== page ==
One more thing off of my todo list. Here’s my letter to the Middlesex administration regarding the closing of their highest rated programme and suspending some staff members and students for peacefully protesting the closure. (NB: BTW, if you have not heard of this closure, please support the campaign.
Dear Members of the Board,
I am sure that by now you are aware of a large contingent of people across the philosophy discipline urging you to reconsider your decision to close your philosophy department. The thought occurred to me that you might not be aware of the magnitude of the reaction. I’d like to try to contextualise this. The response from the worldwide philosophy community is roughly every major figure in Continental Philosophy — which is what your philosophy department excels in — along with a a high number of major figures from other branches of contemporary philosophy such as Analytic Philosophy. These responses should be seen as a strong indication that the closure of Middlesex’s philosophy department is a strong regression in philosophy research.
However, I believe there is a more important issue here: no institution can truly be a university without philosophy. The majority of doctoral degrees are, as you are no doubt aware, Doctors of Philosophy. This isn’t something cheeky, or a hold over from an outdated academic ideology. The truth is, most theoretical research is philosophical by its very nature. Philosophy is the life-blood of a university; without philosophy, Middlesex is a technical school or, worse still, a factory that outputs a mass-produced item for consumption. And, let’s face it: your students will still encounter philosophy, they will still discuss philosophy. The major difference is that they will do so without the expertise of a philosophy department to help refine their thoughts.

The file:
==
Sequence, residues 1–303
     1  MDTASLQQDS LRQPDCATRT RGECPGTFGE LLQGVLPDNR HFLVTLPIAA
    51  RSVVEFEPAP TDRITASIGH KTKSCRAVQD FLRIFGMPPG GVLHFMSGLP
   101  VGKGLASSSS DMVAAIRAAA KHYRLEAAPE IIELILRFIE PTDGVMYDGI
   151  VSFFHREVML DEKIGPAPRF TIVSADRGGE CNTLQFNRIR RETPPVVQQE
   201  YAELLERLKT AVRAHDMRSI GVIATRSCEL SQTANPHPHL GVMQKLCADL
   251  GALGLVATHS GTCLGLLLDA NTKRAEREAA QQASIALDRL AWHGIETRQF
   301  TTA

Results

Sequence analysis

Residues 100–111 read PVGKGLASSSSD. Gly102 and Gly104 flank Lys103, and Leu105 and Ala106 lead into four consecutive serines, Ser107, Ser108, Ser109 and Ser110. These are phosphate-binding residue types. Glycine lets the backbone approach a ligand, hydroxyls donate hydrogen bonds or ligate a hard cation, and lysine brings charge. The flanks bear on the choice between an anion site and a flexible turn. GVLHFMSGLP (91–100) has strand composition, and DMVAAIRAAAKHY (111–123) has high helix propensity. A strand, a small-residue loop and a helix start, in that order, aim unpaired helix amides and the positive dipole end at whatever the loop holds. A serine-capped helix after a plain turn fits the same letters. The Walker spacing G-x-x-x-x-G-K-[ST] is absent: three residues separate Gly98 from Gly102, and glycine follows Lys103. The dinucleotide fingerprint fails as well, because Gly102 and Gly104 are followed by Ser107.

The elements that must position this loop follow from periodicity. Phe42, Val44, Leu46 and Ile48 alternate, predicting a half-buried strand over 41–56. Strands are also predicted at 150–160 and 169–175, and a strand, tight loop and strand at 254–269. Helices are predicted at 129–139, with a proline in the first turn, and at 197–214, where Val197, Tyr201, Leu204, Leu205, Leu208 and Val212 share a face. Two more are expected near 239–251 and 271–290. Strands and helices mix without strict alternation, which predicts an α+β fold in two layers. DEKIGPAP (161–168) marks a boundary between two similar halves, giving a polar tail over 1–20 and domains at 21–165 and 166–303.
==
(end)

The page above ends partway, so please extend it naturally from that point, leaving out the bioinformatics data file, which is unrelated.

Finally, I would like to express my disapproval of the suspension of philosophy students and staff members. One of the greatest aspects of the academy is the freedom given to staff members and students in order that they are able to research, write, and discuss without the fear of censure. The suspension of these persons without a viable reason is, yet again, a disservice to the university and academia at large. It is not a wise decision to emulate what some corporations have done recently in order to prevent meaningful negotiations. These suspensions show that Middlesex should remove the word ‘university’ from its title, as it has shown yet again that it is not an institution of academic excellence but a ‘sweat shop’ mass producing an overpriced product for the sake of capital. Middlesex is not even a business venture, if for the very least that no business in their right mind would kill off its best-selling product. What, then, is Middlesex?
Department of Theology and Religious Studies
University of Glasgow